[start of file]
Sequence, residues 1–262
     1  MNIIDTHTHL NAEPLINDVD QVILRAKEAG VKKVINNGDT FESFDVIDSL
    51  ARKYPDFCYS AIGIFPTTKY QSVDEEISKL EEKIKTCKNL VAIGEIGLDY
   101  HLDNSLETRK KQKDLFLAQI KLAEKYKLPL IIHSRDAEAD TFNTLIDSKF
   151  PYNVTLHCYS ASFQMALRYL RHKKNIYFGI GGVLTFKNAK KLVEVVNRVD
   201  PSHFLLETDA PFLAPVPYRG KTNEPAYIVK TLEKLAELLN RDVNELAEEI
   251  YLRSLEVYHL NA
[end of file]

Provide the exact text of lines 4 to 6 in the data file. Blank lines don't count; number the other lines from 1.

   101  HLDNSLETRK KQKDLFLAQI KLAEKYKLPL IIHSRDAEAD TFNTLIDSKF
   151  PYNVTLHCYS ASFQMALRYL RHKKNIYFGI GGVLTFKNAK KLVEVVNRVD
   201  PSHFLLETDA PFLAPVPYRG KTNEPAYIVK TLEKLAELLN RDVNELAEEI